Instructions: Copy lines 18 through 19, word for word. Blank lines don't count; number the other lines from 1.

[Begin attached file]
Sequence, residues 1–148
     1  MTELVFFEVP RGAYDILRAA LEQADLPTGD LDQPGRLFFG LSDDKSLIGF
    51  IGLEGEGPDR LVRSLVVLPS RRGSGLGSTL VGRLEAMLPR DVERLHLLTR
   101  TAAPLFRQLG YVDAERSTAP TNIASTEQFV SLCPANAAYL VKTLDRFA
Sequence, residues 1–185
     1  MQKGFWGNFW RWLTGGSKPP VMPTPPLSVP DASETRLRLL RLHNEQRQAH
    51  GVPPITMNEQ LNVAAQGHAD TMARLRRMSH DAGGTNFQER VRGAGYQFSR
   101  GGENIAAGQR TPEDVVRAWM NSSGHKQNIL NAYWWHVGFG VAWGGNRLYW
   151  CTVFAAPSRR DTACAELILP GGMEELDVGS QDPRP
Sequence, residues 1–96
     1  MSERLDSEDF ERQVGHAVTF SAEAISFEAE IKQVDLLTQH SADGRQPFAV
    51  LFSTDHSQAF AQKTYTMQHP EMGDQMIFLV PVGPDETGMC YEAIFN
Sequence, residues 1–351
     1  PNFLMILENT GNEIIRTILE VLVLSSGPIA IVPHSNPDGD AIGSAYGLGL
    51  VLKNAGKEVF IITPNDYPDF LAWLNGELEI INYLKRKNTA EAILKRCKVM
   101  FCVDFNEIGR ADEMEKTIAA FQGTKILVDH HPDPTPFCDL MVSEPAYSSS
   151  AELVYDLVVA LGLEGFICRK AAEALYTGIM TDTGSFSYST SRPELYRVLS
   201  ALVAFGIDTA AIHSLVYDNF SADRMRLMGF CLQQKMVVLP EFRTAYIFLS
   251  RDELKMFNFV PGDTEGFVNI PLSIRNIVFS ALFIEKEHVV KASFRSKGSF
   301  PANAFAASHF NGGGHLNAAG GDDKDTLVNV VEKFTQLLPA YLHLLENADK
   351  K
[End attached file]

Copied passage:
   201  ALVAFGIDTA AIHSLVYDNF SADRMRLMGF CLQQKMVVLP EFRTAYIFLS
   251  RDELKMFNFV PGDTEGFVNI PLSIRNIVFS ALFIEKEHVV KASFRSKGSF